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Tuesday, April 25, 2017

"Turn Out! Turn Out! Or You will All Be Killed!" - The Great Ipswich Fright

Two days after the Battles of Lexington and Concord, widespread panic set in among the residents of several North Shore Massachusetts towns. Known as the "Ipswich Fright", this psychological phenomenon led to the mass abandonment of homes and the evacuation of Essex County residents into New Hampshire.

Local tradition suggests that on the morning of April 21, 1775, A British naval cutter anchored at the mouth of the Ipswich River. In response, the local alarm list mobilized but did not engage the enemy. No fighting ever broke out between the ship's crew and the militiaman. Nevertheless, an unfounded rumor began to spread inside the town that British regulars had landed and were laying waste to everything before them. With most Essex County minute and militia men away at the Siege of Boston, a massive panic set in.  The rumor quickly spread to other towns.



A few hours later, it reached as far away as Newburyport. A minister named Carey was holding a meeting when alarm rider Ebenezer Todd interrupted the meeting and announced "“Turn out, turn out, for God’s sake,” he cried, “or you will be all killed! The regulars are marching on us; they are at Ipswich now, cutting and slashing all before them!”

The fright continued west to Haverhill and Andover.  An early 19th century account of the incident suggests an alarm rider instructed Haverhill residents to "Turn out! Get a musket! Turn out . . . the regulars are landing on Plum Island!"



As panic set in, many residents began to gather their valuables and fled as far north as Exeter and Portsmouth, New Hampshire.  Many Essex County residents overwhelmed ferries as they tried to cross the Merrimack River.  Period accounts suggest Amesbury, Salisbury and Rowley were completely abandoned by its residents.

The residents were so overcome with fear and despair that they began to turn on each other in order to secure their escape. According to one period account "a Mr. ___, having placed his family on board of a boat, to go to Ram island, for safety, was so annoyed with the crying of one of his children, that he exclaimed, in a great fright, 'do throw that squalling brat overboard, or we shall all be discovered!'"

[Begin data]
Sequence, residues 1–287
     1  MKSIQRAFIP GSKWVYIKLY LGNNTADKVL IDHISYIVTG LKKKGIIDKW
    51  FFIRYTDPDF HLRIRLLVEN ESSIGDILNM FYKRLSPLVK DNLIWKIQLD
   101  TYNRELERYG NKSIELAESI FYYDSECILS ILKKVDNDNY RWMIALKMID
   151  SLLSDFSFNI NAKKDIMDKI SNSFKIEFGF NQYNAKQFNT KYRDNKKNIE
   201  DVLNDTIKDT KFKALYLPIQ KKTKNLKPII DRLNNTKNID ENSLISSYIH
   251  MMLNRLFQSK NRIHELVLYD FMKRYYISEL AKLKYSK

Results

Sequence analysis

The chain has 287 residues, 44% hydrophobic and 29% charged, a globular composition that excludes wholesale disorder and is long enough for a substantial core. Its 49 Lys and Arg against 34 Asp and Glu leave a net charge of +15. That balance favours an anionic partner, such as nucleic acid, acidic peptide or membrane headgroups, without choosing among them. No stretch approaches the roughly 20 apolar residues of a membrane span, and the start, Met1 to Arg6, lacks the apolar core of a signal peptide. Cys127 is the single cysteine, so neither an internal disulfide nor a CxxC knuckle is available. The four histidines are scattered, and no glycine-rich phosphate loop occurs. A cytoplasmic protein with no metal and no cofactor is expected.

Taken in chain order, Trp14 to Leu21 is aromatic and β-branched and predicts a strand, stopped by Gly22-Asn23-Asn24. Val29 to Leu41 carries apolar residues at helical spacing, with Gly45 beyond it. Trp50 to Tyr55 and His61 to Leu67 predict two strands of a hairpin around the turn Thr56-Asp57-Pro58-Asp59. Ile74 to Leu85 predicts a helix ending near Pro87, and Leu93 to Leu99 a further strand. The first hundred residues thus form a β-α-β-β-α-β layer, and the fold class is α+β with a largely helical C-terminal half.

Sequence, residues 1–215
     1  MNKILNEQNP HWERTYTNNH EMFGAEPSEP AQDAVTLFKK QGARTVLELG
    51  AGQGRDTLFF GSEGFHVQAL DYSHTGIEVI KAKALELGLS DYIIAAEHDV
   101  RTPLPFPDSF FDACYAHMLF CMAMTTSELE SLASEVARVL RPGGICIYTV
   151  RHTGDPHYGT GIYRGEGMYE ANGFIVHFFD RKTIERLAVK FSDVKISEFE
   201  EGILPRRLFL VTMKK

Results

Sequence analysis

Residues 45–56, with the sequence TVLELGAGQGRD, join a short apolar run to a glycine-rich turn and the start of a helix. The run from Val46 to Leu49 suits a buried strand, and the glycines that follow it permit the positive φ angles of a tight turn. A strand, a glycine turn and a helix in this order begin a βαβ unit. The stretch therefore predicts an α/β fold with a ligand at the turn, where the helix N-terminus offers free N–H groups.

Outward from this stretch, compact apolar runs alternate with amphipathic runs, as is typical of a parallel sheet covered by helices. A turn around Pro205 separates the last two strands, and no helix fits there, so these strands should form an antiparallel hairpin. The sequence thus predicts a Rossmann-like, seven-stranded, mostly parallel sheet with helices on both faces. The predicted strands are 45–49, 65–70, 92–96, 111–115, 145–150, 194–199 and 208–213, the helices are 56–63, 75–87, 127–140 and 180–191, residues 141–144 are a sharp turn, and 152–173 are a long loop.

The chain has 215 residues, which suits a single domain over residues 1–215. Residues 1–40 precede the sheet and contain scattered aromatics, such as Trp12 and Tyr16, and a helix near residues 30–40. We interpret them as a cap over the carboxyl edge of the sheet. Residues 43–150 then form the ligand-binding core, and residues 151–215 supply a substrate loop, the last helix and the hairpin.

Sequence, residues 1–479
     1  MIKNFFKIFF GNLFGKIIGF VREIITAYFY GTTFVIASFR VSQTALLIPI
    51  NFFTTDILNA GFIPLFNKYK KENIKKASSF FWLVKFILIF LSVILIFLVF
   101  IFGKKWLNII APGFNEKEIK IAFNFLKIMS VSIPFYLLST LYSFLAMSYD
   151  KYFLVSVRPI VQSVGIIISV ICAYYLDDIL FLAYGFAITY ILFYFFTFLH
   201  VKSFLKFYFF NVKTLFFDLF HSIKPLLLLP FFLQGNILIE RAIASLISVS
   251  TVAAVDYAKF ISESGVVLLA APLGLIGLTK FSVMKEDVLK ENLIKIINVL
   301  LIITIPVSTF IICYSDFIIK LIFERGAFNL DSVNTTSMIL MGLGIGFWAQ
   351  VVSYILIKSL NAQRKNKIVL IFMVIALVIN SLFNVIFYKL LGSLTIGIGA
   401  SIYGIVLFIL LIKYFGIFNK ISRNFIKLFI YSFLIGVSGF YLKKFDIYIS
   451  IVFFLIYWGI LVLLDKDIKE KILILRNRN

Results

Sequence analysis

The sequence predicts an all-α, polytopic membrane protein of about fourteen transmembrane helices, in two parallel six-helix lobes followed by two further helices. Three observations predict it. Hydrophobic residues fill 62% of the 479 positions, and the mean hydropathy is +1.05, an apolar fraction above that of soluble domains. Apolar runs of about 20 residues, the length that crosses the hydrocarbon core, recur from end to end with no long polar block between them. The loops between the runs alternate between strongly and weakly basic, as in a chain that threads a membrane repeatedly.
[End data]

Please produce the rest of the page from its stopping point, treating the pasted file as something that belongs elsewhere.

Some residents refused to flee. One Newbury account suggests an elderly resident took up a defensive post at his front door, loaded his musket and declared he intended to “shoot the devils" when they arrived.

The panic continued well into the early morning of April 22, 1775.  By then, residents of Exeter had begun to suspect the entire ordeal was an unfounded rumor.  In turn, the town dispatched an alarm rider towards Newburyport with a message that the account of a British army invading Essex County were false.  

Shortly thereafter, many residents returned to their homes.  

1 comment:

  1. Thanks for this wonderful write-up...although the surname of the Newburyport minster is spelled "Cary" without an "e." (Sorry, a frequent but annoying misspelling which I'm doing my best to undo one Internet comment at a time!) Here is a write-up about a house where he lived, including his portrait. http://www.marybakerart.com/newburyport/?p=5073

    My 4x great-grandmother, Lydia (Cary) Athearn of Nantucket, was his first cousin; another of his first cousins, Richard Cary, was aide de camp to George Washington from June through December 1776. Another first cousin, who shared his first name, brought the bell of the 2nd Congregational/Unitarian Church on Nantucket back from Portugal at the outbreak of the War of 1812. And a slightly more distant relation—his aunt Sarah (Cary) Barnard's brother-in-law's son, the Rev. Thomas Barnard, Jr.—was involved in the negotiations which led to "Leslie's Retreat" in Salem in February 1775.

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